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told us that he will condemn them ? surely he that breaks his word is liker to be a deceiver, than he that keepeth it. Be it known to thee therefore (and O that thou wouldest know it while there is a remedy at hand) that if thou trust that Christ should save an unsanctified false-hearted person, whose soul was never renewed and revived by the Holy Ghost, and absolutely given up to God, and that setteth not up God and his service above all the interest of the flesh, and the commodities and contentments of the world, thou dost not then trust Christ, but thy own deceits and lies; and it is not Christ that is the deceiver, but thou art a deceiver of thyself, that makest thyself a false promise, and trustest to it; and when thou hast done, sayest, thou wilt trust to Christ : yea, trustest thyself against Christ, and trustets that he will break his word, and not that he will make it good. See whether he resolve not to condemn all such. Matt. x. 37, 38; Luke xiv. 27, 33; Matt. vii. 26, 27; James ii. 14; Heb. xii. 14; Rom. viii. 9. with the texts before cited, and abundance such. Christ will be a Saviour ; but he is the Saviour of the body, and not of the affixed hypocrites. (Eph. v. 23.) And his body is the church which is subject to him. (Verse 24.) “He will save to the utmost:" but whom? “even all that come to God by him,” (Heb. vii. 2, 5.) but not those that make the world their God, and would put God off with a few running heartless words and duties. It is the living fruitful branches that he will save : but the withered branches he cast
x eth forth, to be burned in the fire. (John xv, 2—7.) “No, man can serve God and Mammon: "nor live both to the Spirit and the flesh: he that hath two hearts, hath none that is acceptable unto God : he that hath two faces (a face of devotion in his formal customary services, and a face that smiles on the world and fleshly pleasures when he hath done) hath none that God will ever smile upon. The leaves of the barren fig-tree saved it not from the curse of Christ. (Matt. xxi. 18, 19.) “Hew it down and cast it into the fire," shall be the sentence of the most flourishing tree that is fruitless. (Luke xiii. 7.) “The earth which drinketh in the rain that cometh oft upon it, and bringeth forth herbs meet for them by whom it is dressed, receiveth blessing from God: but that which beareth thorns and briars is rejected, and is nigh unto cursing; whose end is to be burned.” (Heb. vi. 7, 8.) So that if thy religion be vain, the blood of Christ, and all the treasures of his grace will be vain to thee, that are saving unto others, An infidel may then as
well expect to be saved by the Christ whom he rejected, as thou. Nay it is Christ himself that will condemn thee : it is his own mouth that will say to such as thee, “Depart from me, ye that work iniquity.” And though thou couldest say, “Lord, Lord, I have prophesied, or cast out devils, or done many wonderful works in thy name,” he “will profess to thee that he never knew thee;" or owned thee. (Matt. vii. 22, 23.) If crying would then serve, I know thou wouldest not spare thy cries. But he must so pray as to be accepted and heard on earth, that looks to be accepted and regarded then ; when the miserable soul, with endless horrors in its eye, is looking round about for help, and findeth none; when all the creatures say, we cannot, and he that can shall say, I will not; who can apprehend the calamity of such a soul? what soul so sleepy and regardless now, that will not then cry, “Lord, Lord, open to us,” when the door is shut, and it is too late ? (Matt. xxv. 10-12.) Then if thou roar in the anguish of thy soul, and cry out to him that saveth others 'Condemn me not, O Lord, but save me also ! now Lord have mercy on a miserable sinner ! save me, or I am lost for ever: save me, or I must burn in yonder flame: turn not thy heart against an undone perishing soul; if thou cast me off, I have no hope !' a thousand such cries would be in vain, because thou hadst but a vain religion. (Prov. i. 24, &c.) “Because I have called and ye refused, I have stretched out my hand and no man regarded, but ye have set at nought all my counsel, and would none of my reproof: I also will laugh at your calamity; I will mock when your fear cometh; when your fear cometh as desolation, and your destruction cometh as a whirlwind; when distress and anguish cometh upon you; then shall they call upon me, but I will not answer; they shall seek me early, but they shall not find me : Therefore they shall eat of their own way, and be filled with their own devices,” saith the Lord.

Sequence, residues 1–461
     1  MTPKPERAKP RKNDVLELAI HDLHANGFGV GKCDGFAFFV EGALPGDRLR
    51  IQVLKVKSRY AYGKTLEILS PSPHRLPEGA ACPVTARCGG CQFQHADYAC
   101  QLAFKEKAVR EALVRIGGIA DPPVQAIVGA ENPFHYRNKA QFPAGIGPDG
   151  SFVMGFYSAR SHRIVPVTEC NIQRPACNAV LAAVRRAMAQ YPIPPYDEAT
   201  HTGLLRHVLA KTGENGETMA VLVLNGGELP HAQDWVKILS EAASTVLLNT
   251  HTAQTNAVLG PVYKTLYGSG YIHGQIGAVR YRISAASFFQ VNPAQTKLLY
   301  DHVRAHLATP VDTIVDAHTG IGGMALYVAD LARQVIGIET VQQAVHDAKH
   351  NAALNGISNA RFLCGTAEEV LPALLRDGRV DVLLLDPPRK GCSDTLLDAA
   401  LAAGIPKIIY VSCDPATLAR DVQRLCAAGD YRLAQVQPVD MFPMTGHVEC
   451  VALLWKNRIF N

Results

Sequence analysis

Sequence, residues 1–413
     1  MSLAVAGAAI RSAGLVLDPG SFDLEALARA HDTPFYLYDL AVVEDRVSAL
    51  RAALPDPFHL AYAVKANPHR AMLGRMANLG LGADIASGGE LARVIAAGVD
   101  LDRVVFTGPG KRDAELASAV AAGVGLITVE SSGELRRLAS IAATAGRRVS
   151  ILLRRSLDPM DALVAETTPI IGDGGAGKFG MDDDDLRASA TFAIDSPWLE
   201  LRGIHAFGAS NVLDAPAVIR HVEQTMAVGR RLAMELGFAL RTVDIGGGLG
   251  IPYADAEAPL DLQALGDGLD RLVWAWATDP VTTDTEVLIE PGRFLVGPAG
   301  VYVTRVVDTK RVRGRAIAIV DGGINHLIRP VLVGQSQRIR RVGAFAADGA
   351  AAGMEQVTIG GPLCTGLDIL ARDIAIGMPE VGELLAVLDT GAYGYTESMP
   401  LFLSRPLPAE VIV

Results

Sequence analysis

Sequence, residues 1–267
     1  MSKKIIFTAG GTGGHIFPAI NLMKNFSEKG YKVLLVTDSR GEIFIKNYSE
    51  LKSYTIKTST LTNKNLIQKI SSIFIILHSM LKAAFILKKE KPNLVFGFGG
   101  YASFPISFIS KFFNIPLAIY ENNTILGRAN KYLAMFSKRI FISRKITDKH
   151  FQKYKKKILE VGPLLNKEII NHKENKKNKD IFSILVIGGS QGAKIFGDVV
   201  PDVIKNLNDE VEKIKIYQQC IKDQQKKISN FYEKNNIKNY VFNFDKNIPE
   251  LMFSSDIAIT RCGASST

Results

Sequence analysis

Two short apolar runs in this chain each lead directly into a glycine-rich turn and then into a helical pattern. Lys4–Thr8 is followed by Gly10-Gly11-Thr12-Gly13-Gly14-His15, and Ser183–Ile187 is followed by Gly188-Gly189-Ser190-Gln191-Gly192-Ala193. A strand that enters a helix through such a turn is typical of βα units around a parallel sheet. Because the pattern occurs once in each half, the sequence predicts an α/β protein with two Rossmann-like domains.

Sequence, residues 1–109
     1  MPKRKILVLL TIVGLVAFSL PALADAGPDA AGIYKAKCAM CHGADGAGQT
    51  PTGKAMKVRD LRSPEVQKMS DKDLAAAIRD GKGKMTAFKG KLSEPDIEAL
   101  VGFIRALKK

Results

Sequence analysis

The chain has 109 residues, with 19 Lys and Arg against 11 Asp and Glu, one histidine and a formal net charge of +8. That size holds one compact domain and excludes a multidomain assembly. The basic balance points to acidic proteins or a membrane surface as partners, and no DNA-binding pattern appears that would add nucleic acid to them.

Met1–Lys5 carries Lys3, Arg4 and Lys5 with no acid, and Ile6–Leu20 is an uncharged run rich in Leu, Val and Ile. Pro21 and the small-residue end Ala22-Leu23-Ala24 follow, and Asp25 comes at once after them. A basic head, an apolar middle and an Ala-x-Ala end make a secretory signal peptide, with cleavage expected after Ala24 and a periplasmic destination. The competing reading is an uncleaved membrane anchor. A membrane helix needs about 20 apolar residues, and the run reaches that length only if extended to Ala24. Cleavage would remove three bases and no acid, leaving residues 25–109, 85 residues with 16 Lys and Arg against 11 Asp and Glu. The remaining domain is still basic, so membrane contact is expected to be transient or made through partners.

And when hell hath once taken thee into its possession, if thou cry
and roar there ten thousand millions of ages it will be all in vain. Thy strongest and thy longest cries cannot procure thee a drop of water to cool thy tongue, tormented in those flames. (Luke xyi. 24-26.)
In a word, if thy religion be vain, all is vain to thee; thy life itself is vain, (Eccles. vi. 12.) Thou walkest in a vain show. (Psalm xxxix. 6.) Thou disquietest thyself in vain, in all thy labours; (Psalm xxxix. 6, and cxxvii. 1, 2;) and vanity and vexation is all that thou shalt possess. (Eccles. i. 2, 14 ; Prov: xxii. 3.) And if conscience, when thy day of grace is past, shall force thee upon the review to say, “My piety was but seeming and self-deceit, and all my religion was vain ;' it will be the voice of utter desperation, and will stab the heart of all thy hopes. This, and no better, being the self-deceiver's case, is not conscience now at work within you, and asking, as each of the disciples did, (Matt. xxvi. 24, 25,)“ Is it I ?" If thou have a heart within thee, beseeming a reasonable creature, by this time thou art afraid of self-deceit, and willing to be searched, and to know thy hypocrisy while it may be cured. For my part, I shall pronounce no one of you personally to be an hypocrite, as knowing that hypocrisy is a sin of the heart, which, in itself, is seen by none but God and him that hath it. But my business is only to help such to know and judge themselves. Could I name the man to you in the congregation that had none but a seeming, vain religion, I am persuaded you would all look upon him as a most unhappy, deplorable wretch. Alas ! sirs, hypocrites are not so rare among us, as some imagine. There are few, or none, but saints and hypocrites in this assembly, or in most of the assemblies in the land. I think here are none that make not a profession of the christian faith, and of love to God. All, therefore, that have not this faith and love, must needs be hypocrites, as professing to be what they are not. In your baptism you engaged and professed yourselves the disciples of Christ, and gave up yourselves in solemn covenant to God the Father, Son, and Holy Ghost. This covenant, you will say, you stand to yet; and none of